Friday, October 30, 2009

Wild Food

I live close to the area settled by my ancestors nearly 200 years ago. They were granted land by the Crown for services performed in the War of 1812. In that amount of time, my family lore has become replete with the ways to identify, harvest and prepare food found in the wild. Much of Southern Ontario is contained within the Carolinian Forest zone where one can find numerous types of plants that do not grow anywhere else in Canada. Many of these plants can  provide sumptous foods if one knows where and when to look. The following paragraphs will outline some of the wild plants that can be found and harvested for food in Southern Ontario.

One of the first green sprouts in spring is the ostrich fern. The tightly curled fronds that emerge from the soil in early spring are called "fiddleheads" and are a highly sought delicacy. Fiddleheads can be found in much of the temperate areas of Canada. They are harvested when they are still tightly curled and have a papery sheath covering them. They are very nutritious, just the tonic the settlers would have needed after a long winter of salted and preserved food. Fiddleheads can be prepared by removing the papery covering and boiling, and changing the water twice or steaming.        

Watercress is another green that appears in the spring and can be easily harvested along the shores of lakes and streams. It is a member of the cabbage family and can be used as any other salad greens. It can be found worldwide and is one of the oldest plants known to be consumed by humans.

Morels are a delicacy my mother and aunt will fight over!! The light brown, cone shaped mushroom has a cap that appears honeycombed. It typically grows in cool damp soils that are slightly acidic. One of the favourite hiding places of the morel is in or near rotting logs, especially cedar. They appear after the first warm spell of the spring, usually mid-MayUnfortunately, the morel is becoming harder and harder to find as the years pass. My great grandfather could pick them by the bushel full and now it is more likely that only a couple will be found in any given year. Fried in butter they are meaty and smell a bit like steak.

As the season progresses, more and more wild food appears in the fields and hedgerows. The Ojibwa people called June the "Strawberry Moon" as this is when the first wild strawberries ripen. The wild strawberry is tiny, much smaller than its domesticated counterpart. It is usually the size of a large rasin. Don't let its small size deceive you, for the wild strawberry packs a flavour filled punch. Sweeter and much more strawberry tasting than commercial berries, the wild strawberry is abundant and easily spotted with its three sided leaves on roadsides and sometimes even in urban backyards. Eat wild strawberries as you pick them at the peak of ripness and you'll never again be satisfied with the watery blandness of imported domestic strawberries.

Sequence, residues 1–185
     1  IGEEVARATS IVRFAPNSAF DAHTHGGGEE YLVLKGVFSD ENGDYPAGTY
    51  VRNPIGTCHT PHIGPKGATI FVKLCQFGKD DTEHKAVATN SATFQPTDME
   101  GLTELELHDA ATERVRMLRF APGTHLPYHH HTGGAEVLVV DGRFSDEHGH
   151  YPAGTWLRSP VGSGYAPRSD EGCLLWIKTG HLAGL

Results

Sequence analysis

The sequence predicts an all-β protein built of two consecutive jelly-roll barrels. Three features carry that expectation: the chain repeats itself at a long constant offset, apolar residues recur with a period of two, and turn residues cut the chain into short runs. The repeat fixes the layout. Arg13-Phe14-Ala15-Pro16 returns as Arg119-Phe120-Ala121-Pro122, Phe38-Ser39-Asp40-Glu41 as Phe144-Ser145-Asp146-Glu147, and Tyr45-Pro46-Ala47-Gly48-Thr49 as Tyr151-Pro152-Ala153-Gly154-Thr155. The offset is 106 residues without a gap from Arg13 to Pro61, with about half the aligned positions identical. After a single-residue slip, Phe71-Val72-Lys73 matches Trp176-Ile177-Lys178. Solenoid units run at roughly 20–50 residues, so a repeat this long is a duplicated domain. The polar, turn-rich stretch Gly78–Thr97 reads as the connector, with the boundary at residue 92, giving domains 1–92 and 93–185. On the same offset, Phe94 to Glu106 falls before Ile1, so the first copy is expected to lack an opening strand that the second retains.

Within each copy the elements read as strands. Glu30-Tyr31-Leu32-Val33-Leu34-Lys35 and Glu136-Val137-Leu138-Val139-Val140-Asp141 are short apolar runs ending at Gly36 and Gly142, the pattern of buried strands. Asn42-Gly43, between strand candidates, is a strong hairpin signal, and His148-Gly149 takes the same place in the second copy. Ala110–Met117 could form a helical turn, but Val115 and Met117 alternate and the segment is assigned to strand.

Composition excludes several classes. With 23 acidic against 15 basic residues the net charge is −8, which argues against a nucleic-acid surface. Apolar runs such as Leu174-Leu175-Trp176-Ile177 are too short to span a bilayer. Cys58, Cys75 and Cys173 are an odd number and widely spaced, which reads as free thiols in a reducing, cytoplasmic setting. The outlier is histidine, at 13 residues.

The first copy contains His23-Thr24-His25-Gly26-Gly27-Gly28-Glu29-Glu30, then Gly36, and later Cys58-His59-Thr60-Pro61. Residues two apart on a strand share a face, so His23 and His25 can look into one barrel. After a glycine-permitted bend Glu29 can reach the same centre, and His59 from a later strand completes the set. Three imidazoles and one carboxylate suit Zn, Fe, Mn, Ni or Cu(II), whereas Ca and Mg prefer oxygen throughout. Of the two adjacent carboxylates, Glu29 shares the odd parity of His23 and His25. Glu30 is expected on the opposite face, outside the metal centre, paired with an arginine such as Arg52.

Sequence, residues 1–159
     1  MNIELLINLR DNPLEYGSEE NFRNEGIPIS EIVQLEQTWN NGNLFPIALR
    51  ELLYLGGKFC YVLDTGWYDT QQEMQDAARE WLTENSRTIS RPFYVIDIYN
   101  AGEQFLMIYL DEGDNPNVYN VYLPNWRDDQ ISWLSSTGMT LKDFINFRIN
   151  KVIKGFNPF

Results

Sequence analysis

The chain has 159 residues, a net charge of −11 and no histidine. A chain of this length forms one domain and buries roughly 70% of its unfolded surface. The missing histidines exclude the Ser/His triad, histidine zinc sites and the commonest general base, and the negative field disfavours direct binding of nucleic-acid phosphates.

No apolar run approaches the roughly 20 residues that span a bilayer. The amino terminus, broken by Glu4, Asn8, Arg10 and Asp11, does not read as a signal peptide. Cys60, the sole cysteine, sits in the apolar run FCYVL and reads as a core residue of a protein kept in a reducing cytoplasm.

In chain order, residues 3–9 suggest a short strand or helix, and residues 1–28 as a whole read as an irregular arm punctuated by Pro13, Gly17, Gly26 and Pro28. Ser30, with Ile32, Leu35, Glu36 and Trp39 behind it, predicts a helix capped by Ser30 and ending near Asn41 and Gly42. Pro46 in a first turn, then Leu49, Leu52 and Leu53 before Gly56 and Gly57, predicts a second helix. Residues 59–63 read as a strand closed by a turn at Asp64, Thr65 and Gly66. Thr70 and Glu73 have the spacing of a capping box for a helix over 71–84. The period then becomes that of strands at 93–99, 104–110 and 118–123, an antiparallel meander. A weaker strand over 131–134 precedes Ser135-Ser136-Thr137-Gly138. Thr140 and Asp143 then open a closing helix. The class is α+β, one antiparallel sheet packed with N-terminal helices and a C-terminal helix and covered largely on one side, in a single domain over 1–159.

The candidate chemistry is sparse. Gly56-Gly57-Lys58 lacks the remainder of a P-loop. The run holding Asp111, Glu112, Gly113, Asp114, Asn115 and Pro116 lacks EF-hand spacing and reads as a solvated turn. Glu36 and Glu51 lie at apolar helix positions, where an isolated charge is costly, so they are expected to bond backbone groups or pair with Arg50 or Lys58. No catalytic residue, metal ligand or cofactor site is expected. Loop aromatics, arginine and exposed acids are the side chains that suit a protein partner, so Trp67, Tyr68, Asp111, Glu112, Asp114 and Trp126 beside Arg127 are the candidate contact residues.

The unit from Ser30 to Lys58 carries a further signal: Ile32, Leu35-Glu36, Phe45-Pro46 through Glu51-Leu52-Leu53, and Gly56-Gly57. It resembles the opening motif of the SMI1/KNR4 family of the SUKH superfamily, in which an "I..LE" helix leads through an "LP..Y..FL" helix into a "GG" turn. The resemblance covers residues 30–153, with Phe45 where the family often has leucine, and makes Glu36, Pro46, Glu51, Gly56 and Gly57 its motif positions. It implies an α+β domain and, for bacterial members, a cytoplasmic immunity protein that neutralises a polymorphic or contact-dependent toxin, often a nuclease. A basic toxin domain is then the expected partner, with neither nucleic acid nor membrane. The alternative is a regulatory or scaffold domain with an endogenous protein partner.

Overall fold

Blackberry and raspberry thickets abound wherever land is left fallow. The wild blackberry is something entirely different than the blackberry found in grocery stores. Often berries sold commercially as blackberries are actually mulberries or thimbleberries, which have nothing in common with genuine blackberries (also called "black raspberries"). The berries grow on thorn covered canes, not unlike the canes of its cousin the wild rose. The canes are sometimes green or sometimes have a dusty purple colour. The leaf looks very similar to a rose leaf. Blackberries and raspberries ripen in mid July, and the wetter the weather the bigger the berry. But in my opinion, the best berries are the smaller ones that grow in drier, hotter years. The sweetness is more concentrated that way. To gather wild berries you simply must wear long sleeves and long pants to protect your skin not only from the razor sharp thorns but the insects as well. July is also peak mosquito season! Once gathered the berries can be (and usally are) eaten with cream and sugar or are baked into pies, muffins and other goods. They also make excellent jam and they freeze well too. Other berries that can be gathered in the summer are mulberries, gooseberries, thimble berries and elderberries. All of which played an integral part of the settler diet, and can still be enjoyed today.

In the fall, Ontario provides a large selection of nuts to be foraged for. Walnuts, butternuts, chestnuts and hickory nuts are some of the most common. Just last week I took my children with me as we picked basket after basket of hickory nuts. The hickory is a relative of the pecan, found in the American south. It looks quite a bit like a pecan but has a distinct maple taste. The hickory is a tough nut to crack, literally, and usually only a hammer or a vise will do the trick. Once the nut is cracked, use a pick to pry the nut meat out. The meats can be used anywhere pecans are called for and make excellent cookies and tarts.

I will strive to pass down my knowledge of local wild food to my children, as it was passed down to me. Too many people today have no idea of the existance of God's bounty that is literally in their own backyards. I hope you too will be inspired to hunt out the local delicacies of your region!

1 comment:

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